Next is the Empathy Alley, where the nation’s conflict is portrayed through cut-outs of pioneers like Mahatma Gandhi, Pandit Nehru, Muhammad Ali Jinnah, Dr Babasaheb Ambedkar and Sardar Patel facing each other, while you hear their famous speeches on the Partition of India and the formation of three new nations, birthed in tragedy. The Moral Compass, on the other hand, makes you wonder about  New India with a photograph of Dr Babasaheb Ambedkar  looking at a the copy of the Constitution of India.

At ’The Memory Lab’, the exhibit reminds you that conflict is personal too, here people are encouraged to leave pieces of their struggle behind. From a letter that wasn’t sent, to even a cigarette. As you walk to the first floor, there is a thread of memory, a tribute to the endurance of women: a dressing table with a pair of scissors and a photograph of Bachuben. My favourite of all.

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Unpleasant yet enthralling visual from the Gallery of Disputes


"In This House and That World" is a sound installation by Avni Sethi narrates the history of Gool Lodge

Apart from these permanent exhibits, the museum also hosts various workshops, readings, screenings amongst other interactive things. A safe space to discuss and resolve conflicts, I wonder if it also upsets people with different opinions. “We, at the museum, try to put on exhibitions that are intact, bring in people who will disagree or people who are not necessarily on the same side. But there are also people who sit on the fence. They claim to be apolitical. They say to themselves, ‘I don’t know about all that, but let’s go check it out.’ Most people find this position objectionable; to me they are the most precious audience. Part of this kind of polarisation we see today is that we have also lost the ability to listen to anything different, and we at the Museum of Conflict have trained ourselves to converse with a certain level of empathy,” Sethi claims.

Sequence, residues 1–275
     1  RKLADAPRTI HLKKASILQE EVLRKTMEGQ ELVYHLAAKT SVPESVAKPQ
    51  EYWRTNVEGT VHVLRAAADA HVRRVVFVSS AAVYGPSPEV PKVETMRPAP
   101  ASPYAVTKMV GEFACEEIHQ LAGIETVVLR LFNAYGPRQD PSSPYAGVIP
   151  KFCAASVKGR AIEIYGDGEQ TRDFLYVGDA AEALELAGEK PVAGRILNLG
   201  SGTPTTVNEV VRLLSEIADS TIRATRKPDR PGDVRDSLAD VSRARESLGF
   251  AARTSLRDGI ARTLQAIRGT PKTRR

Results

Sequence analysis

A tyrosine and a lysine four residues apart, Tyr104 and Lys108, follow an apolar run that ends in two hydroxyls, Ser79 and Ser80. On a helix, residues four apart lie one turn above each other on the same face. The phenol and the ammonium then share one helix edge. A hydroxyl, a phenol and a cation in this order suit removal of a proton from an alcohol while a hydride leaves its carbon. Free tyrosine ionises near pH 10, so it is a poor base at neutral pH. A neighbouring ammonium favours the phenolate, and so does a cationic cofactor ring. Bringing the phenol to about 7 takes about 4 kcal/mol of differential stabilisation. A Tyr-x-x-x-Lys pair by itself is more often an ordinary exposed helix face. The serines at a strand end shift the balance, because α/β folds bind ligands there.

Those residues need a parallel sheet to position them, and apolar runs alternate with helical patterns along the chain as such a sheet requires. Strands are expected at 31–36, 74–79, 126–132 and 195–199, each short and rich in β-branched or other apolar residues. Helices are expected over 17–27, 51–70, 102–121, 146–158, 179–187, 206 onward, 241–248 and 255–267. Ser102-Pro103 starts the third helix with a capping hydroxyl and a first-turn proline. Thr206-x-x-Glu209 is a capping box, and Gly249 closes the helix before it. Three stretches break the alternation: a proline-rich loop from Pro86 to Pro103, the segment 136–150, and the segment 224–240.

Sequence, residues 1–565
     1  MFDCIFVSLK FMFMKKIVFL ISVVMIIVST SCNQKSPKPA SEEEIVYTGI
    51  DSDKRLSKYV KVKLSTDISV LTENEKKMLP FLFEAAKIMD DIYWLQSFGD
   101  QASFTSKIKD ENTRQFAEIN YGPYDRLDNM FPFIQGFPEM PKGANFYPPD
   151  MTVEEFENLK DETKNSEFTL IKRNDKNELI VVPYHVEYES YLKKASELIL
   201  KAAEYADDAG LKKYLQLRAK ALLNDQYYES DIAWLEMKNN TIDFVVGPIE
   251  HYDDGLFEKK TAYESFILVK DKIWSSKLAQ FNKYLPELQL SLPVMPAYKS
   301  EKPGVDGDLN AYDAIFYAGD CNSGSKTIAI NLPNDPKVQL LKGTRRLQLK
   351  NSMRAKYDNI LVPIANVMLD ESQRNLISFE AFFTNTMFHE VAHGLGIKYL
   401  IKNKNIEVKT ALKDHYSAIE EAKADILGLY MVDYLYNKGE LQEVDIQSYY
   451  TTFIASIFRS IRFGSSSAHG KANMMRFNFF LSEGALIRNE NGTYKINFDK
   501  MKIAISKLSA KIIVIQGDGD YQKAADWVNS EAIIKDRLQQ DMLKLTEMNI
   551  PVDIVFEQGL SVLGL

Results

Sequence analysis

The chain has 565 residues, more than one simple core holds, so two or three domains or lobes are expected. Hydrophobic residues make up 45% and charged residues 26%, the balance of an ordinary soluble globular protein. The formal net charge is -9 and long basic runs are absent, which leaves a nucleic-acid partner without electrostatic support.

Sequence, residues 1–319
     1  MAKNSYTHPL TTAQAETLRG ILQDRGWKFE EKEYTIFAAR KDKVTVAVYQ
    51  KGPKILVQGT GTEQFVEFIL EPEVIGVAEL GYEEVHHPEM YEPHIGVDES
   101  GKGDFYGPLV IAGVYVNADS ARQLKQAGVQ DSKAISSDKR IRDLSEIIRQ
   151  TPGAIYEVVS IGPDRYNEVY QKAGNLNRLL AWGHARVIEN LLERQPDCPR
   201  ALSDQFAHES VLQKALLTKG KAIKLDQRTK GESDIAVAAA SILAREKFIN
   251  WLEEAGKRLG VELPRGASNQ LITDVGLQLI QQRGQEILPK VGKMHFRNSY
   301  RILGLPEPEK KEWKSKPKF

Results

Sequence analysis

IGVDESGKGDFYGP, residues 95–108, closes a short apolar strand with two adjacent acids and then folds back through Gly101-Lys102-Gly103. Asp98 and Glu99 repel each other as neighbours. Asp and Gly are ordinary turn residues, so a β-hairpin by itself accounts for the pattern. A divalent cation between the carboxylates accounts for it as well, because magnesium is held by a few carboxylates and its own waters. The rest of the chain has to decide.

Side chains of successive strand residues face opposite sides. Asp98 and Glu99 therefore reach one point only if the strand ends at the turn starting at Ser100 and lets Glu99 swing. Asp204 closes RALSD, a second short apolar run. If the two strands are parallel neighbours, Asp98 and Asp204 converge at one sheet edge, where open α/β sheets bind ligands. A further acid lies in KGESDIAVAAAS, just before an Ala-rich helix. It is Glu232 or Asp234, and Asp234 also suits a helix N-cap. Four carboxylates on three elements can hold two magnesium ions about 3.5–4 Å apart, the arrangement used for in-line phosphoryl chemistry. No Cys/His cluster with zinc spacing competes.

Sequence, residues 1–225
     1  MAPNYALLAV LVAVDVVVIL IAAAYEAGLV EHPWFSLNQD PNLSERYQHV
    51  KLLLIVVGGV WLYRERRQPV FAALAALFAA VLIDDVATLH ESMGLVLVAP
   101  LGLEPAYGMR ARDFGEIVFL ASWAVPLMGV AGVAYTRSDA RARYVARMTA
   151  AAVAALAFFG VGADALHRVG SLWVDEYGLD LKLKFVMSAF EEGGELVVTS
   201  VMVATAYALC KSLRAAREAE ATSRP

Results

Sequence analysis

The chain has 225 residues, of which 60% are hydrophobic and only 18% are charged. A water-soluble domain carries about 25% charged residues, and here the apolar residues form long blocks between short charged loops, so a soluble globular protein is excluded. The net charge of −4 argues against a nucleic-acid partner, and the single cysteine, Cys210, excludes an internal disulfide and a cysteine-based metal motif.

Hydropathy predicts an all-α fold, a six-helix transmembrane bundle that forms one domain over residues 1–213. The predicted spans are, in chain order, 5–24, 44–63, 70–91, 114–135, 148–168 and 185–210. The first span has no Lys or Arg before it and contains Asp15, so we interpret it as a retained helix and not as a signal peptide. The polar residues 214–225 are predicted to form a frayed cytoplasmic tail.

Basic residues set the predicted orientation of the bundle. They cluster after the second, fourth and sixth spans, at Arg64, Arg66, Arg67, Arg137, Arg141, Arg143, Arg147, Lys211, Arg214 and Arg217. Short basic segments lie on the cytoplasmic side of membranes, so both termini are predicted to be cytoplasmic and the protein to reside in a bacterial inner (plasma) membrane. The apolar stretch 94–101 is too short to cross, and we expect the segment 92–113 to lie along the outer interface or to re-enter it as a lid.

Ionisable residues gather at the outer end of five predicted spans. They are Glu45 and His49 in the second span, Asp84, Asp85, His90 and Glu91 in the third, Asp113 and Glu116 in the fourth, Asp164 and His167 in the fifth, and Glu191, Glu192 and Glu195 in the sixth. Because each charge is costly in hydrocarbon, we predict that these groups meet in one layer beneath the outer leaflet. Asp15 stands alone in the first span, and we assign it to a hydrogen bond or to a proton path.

While Conflictorium was established as a project to channel all her anger and open doors for conversations, it was awarded the Jane Lombard Prize for Art and Social Justice for 2020-22 amidst the pandemic. “It was nice to be recognised when everything was low. When you build a life in this work, you build an expectation of the world that is low so it was quite unexpected. And it feels good to be recognised by people whose work is also precious.” “But awards are dangerous, they can shift something in you. So every time you are recognised you want to sit back and examine the spine.” she tells me.

With the lockdown, the museum is shut and exhibitions have moved online (check it out at, I wonder what’s next for the Conflictorium. “It’s so bleak to imagine a future right now when you can’t even imagine a present. I will refrain from thinking about what’s next, the effort is about making sense of this time and being available for more voices that need you at this time.”


Conflictorium is a reminder to stop and reflect, to see ourselves and forget the world. “If we could see ourselves for who we are becoming in the world, we would be in a very different place.” Sethi says.